Reflections of a fourteen year post-op

(Taken This Year)

Hi.  I'm Melanie Anne.

I'm 53 years old, a professional teacher of fiction writing, parent of two, still married to my spouse of thirty years but living with another woman, my soul mate, for the last eight years.

I'm also a fourteen year post-op from sex reassignment surgery.

Welcome to my life....

How I Got Here

When I was starting out on my journey of self-discovery and self-realization back in 1989 (see my online diary) I was so focused and so narrow minded that I hardly looked up long enough to see the land through which I was passing.

I think you need to be that tunnel-visioned to get through any major life change.  And certainly, changing one's sex falls into that category.

Still and all, I kept a journal of my experiences, and simply through the process of meandering blindly along my path, I ended up criss-crossing the terrain of gender change so thoroughly that my diary has remained a popular map of sorts of the terrain through which most folks on that road must pass.

In fact, when I started out, there weren't any roads.  Sure, a number of people had preceded me into this realm, but they had left no vapor trail - no clear record of what they encountered in this strange new world.  So, though there might have been a few foot paths through the weeds and forests, it was pretty much all virgin land, and I had no guide to lead me across it save my own instincts.

I found this unacceptable.  I craved a volume, a chronicle from some stalwart individual who had gone ahead.  Some record or document that might at least hint at what lay beyond the next bend in the river.

I checked out some of the books and articles available at the library and book stores.  Mind you there was no internet at the time, so information sources were seriously limited.  All the material I could find was written in the past tense, retrospective of the intrepid explorer's recollections.  And though I learned something of the jargon, the nature of the experience itself eluded me.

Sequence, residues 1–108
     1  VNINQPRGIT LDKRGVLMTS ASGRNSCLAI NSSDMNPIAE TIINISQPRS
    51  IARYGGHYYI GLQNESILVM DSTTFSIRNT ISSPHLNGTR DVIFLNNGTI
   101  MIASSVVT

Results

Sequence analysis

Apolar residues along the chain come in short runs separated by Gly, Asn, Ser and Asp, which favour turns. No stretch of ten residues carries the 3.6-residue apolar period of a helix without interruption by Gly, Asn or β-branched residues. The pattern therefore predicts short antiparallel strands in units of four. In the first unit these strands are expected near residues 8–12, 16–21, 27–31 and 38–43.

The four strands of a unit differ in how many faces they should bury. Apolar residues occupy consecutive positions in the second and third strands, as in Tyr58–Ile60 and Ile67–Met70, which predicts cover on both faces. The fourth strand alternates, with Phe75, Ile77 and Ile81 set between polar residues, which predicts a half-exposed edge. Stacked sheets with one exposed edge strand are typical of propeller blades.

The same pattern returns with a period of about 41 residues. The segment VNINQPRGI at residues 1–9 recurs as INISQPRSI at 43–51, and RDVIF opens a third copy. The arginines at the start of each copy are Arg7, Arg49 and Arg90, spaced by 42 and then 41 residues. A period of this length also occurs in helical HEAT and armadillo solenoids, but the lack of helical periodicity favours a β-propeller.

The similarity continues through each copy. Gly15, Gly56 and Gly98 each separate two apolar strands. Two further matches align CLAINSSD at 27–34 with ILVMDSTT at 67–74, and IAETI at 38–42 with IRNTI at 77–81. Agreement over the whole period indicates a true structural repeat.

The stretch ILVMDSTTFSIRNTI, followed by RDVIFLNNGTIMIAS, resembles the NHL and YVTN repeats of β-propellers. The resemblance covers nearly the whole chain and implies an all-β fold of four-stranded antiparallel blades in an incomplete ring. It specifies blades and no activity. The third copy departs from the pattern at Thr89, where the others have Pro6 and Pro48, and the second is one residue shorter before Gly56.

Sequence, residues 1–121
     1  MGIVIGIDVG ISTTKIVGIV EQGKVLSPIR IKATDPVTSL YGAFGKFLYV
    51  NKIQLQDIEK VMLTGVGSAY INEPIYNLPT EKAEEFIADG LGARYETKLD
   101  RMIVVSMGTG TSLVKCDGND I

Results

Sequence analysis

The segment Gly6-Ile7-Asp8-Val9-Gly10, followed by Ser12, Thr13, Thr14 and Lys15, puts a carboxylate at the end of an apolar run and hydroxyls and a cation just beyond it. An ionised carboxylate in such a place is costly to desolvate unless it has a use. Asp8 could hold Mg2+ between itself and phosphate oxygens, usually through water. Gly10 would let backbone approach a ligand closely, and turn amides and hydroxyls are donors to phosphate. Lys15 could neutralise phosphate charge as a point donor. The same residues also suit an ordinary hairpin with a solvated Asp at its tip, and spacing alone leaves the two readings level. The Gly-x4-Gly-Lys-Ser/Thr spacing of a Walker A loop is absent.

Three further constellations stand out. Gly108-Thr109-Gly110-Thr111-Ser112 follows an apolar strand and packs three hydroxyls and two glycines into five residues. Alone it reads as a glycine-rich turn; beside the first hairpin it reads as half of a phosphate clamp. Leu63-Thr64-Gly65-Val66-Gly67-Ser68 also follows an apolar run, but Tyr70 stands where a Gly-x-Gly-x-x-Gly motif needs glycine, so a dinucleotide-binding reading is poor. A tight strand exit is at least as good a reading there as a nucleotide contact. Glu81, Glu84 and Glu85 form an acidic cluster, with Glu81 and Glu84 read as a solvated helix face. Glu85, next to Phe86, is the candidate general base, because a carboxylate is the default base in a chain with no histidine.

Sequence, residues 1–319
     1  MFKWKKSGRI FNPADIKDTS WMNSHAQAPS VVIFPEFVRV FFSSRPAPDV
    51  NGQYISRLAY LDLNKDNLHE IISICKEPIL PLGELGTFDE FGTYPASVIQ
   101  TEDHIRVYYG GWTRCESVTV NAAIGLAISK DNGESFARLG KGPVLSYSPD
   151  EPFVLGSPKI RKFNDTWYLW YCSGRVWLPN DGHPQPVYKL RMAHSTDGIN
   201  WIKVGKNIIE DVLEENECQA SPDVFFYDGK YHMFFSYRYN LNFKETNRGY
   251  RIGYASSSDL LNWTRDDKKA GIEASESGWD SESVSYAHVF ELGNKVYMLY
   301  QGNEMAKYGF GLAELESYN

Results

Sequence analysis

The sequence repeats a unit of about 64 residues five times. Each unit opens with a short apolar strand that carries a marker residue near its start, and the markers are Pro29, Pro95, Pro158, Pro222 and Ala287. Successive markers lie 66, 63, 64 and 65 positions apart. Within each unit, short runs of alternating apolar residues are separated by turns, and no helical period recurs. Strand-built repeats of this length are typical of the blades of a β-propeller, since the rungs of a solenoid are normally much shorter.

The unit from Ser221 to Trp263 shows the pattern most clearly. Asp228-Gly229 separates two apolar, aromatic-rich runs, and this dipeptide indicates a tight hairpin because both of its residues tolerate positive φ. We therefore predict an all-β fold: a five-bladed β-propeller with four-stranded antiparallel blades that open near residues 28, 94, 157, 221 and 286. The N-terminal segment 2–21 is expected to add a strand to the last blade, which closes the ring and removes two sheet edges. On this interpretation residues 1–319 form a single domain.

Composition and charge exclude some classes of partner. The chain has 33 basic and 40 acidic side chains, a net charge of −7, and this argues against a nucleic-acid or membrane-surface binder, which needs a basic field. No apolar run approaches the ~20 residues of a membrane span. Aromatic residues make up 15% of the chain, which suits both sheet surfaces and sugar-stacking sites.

Now I am an artist in my own right - a wordsmith, a musician and composer, a photographer and filmmaker, and a philosopher.  And it seems that my Muse has compelled me throughout my artistic career to center my work about the business of documenting my "in the moment" experiences and capturing them in pictures, music, and words.

So, back in the early 90s, when the very first generally available online services began to sprout up, I purchased a Commodore 64 computer (with 64K built in RAM!) and a 300 baud modem (state of the art) and joined a fledgling online community called Prodigy.

Prodigy was there before America Online.  Essentially, it was a system whereby you could send email (up to one full page in length!) to other members of Prodigy, of which there were a few hundred.

You couldn't add attachments.  There were no web pages.  You couldn't format anything.  You couldn't even send to multiple recipients.   And yet, it was magical!  The ability to communicate with other individuals electronically instead of through the snail mail!

Prodigy also had chat boards - not interactive chat rooms like today, but more like message boards where you could post messages up to about 1K in length.  And if the message was approved by the board monitor, then it would be posted within about twenty four hours.

Any talk of sexually-oriented material was summarily excluded.  So, to find people of a like mind for comradeship and elucidation, one had to be extremely cryptic in how one phrased things.